Everyone is talking about an economic crisis and asking how it will influence tech investments.
The good news is we’ve seen those kinds of crises in 2008. Before that, in 2000, in 1984, and a flash of it in 2020 (Covid19), and survived.
The bad news is it is painful. It was painful back then and painful today.
The ugly part with the bullish market in 2020-2021 and way over-inflated valuations, is that it will be very hard to return the investment to those who invested in an over-inflated market.
The pretty part is that those who raised a lot of money and have figured out a way to keep it or reach profitability will win big time.
To understand the startup funding challenges, you need to start with basic investors’ mentality. If you invested during 2020-2021 and in particular beforehand, then you have seen the value of your investment going through the roof, regardless if it was S&P500, Nasdaq, startups, or even more extreme cases like cryptocurrency, NFT, or any other mind-fart.
If you weren’t part of it, you have seen others making fortune through investments that perhaps didn’t make sense. That drags people into the always-up bearish perspective of “I’ve made tons of money in investing – therefore I’m a genius and I should be investing more into even more risky investments.” Or “everyone is making money, I want it too.” Or the most common approach of all, “I’ve made 20-30-40-50% on the stock market, I should take some profit and allow myself to invest in high-risk investments like startups or VC.”
Unfortunately, the bullish market era ended with a splash, and a bearish market took its place. Together with it a bearish market mindset. The profits people meant to use for investing in startups disappeared, or lost 25% on the S&P500 index fund. The investors don’t want to sell while losing, or more commonly, they thought that startups are risky and found out that S&P can be very risky.
Add to that the inflation and higher interest rates, and all of a sudden for potential investors getting a 4-6% interest rate on USD is not that bad, and it is risk-free.
The result is people are inclined to invest in a startup in a bearish market, and even those who made commitments to VCs prefer not to invest. I’ve heard some VC partners quoting their LPs, saying that in the case of a capital call, they will keep their commitment, but prefer that you don’t call them.
VCs on their side realize that, preserve cash for the existing startups, and refrain from investing in new ones.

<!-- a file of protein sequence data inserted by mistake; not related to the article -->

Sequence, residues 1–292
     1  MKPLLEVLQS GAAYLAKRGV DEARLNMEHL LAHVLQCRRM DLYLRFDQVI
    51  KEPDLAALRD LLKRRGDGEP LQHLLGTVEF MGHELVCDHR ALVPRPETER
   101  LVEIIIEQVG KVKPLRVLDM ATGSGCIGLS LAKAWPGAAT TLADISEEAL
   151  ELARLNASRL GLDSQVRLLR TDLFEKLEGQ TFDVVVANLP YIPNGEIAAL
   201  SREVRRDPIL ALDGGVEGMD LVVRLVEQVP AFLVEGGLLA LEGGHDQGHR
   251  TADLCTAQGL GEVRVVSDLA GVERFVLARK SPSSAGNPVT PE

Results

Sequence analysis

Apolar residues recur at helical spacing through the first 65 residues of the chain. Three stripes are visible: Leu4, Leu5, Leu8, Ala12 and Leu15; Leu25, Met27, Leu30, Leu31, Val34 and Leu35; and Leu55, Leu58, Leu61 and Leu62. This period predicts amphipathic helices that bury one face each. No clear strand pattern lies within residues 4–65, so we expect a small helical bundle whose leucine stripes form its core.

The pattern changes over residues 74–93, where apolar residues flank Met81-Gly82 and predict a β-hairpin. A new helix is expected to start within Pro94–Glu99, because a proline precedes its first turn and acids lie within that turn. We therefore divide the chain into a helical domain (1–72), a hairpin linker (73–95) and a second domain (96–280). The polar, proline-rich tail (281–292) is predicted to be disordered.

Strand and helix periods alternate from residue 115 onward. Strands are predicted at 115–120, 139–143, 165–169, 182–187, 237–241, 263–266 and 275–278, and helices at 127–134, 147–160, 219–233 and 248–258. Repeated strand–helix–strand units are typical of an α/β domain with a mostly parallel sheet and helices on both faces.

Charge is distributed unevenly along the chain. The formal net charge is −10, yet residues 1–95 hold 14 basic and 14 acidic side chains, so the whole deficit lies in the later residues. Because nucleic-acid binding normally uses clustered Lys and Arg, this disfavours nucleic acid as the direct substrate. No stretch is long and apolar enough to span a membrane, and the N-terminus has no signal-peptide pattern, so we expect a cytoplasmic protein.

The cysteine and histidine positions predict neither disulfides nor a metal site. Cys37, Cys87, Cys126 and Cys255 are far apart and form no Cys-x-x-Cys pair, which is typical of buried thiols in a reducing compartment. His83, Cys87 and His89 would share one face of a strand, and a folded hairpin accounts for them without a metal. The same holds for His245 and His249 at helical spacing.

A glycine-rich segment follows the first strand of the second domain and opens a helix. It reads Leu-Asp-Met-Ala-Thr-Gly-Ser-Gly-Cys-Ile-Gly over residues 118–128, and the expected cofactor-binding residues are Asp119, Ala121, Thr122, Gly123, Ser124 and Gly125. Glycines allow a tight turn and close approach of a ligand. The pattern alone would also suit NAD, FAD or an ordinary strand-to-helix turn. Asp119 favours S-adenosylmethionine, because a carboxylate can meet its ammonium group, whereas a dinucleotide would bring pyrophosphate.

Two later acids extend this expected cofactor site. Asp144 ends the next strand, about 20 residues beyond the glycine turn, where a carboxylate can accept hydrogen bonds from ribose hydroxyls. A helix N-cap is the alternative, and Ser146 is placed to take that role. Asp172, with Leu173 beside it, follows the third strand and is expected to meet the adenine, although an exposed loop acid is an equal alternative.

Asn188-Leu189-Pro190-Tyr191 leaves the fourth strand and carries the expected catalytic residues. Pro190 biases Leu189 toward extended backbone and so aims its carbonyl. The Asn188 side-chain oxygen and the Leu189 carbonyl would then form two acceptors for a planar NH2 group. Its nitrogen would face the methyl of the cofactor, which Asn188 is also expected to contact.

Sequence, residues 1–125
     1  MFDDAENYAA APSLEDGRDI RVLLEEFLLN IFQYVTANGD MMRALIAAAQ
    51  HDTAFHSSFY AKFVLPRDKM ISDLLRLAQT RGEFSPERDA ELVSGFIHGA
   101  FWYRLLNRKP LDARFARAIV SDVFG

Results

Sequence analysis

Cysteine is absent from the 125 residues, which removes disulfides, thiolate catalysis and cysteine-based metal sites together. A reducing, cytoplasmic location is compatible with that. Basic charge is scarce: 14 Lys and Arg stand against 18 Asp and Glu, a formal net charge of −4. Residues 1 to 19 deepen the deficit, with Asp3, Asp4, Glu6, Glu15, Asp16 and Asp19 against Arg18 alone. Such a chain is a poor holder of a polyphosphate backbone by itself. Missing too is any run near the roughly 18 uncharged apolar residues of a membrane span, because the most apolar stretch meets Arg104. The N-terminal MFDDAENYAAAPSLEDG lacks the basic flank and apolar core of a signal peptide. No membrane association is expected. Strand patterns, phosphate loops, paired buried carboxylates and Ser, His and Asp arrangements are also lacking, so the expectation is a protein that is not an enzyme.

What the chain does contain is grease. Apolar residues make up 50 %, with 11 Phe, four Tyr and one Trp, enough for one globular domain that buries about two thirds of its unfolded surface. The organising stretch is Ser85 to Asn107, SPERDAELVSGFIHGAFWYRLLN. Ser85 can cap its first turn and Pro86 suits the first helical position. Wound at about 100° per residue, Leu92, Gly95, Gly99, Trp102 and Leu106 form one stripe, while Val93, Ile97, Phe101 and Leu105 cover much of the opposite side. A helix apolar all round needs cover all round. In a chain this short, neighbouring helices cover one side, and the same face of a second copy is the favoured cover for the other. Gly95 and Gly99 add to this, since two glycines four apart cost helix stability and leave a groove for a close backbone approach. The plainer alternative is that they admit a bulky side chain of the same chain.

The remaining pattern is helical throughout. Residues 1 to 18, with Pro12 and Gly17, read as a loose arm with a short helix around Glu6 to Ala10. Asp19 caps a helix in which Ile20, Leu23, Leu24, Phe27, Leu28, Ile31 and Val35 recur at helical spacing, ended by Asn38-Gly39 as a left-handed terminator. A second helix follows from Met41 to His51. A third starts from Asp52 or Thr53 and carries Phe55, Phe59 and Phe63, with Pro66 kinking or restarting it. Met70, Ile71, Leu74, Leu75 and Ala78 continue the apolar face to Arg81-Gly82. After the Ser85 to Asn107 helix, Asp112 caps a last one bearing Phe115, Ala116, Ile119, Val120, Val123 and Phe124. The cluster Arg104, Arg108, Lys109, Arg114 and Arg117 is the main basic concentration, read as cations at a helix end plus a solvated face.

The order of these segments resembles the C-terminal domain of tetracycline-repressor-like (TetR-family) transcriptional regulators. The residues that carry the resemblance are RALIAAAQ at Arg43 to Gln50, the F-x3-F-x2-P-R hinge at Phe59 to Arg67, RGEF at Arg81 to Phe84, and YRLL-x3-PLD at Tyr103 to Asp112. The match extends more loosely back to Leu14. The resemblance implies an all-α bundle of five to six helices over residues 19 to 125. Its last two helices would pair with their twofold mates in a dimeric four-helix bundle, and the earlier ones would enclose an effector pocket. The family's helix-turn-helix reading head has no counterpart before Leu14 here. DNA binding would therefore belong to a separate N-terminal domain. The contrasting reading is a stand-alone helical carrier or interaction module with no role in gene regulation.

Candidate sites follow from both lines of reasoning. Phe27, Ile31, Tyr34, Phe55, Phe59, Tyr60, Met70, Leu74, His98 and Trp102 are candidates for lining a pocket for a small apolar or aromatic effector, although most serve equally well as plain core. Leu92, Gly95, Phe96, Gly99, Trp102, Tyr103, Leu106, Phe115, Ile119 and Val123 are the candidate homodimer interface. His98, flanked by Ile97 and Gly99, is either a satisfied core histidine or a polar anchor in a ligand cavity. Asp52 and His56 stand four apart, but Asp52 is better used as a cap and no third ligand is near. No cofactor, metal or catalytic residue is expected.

For entrepreneurs – it is winter time. Raising capital is harder, longer, and results in way less during the winter. The good news is that there is always spring after the winter.
But investors are right. Winter is a bad season to invest in. In fact, the return on investment during other seasons is higher than the investment made in winter time, and the reason is the next round.
The next round is still going to be in the winter time or just at the beginning of the spring and insufficient traction (due to insufficient funding in the first place) will make it harder to raise capital and in many cases that will slow down the startup journey.
What Can Startups Do? Go Back to Basics
- Solve a problem – solving a problem is the best way to create value. You need to create value in order to justify your existence. Your investors will give up on a company whose value is unclear.
- Focus – do one thing and one thing only, don’t spread. If you are trying to demonstrate product-market fit, don’t try to build a business model at the same time, or don’t try to go global. Serve the business, not the investorץ
- Adjust objectives and in particular adjust the organization to the objectives. At the end of the day, the most expensive part of the journey is the next month, when your organization is overinflated. It is still overinflated this month, in the next month, and the one afterward
- Aim for profitability faster. It may be your objective if it is feasible, but the closer you get there, the less burn you carry with you, and the available cash will last longer.
Think of the burn and run rate again. If your revenues per month are $200k and your expenses are $600k, and you have $5m of cash, your run rate is a year. This may not be enough to get out of the winter. But if you can turn revenues to $400k a month, then you have two years of run rate.
Adjust quickly, don’t wait.
The article first published on Forbes, on January 2023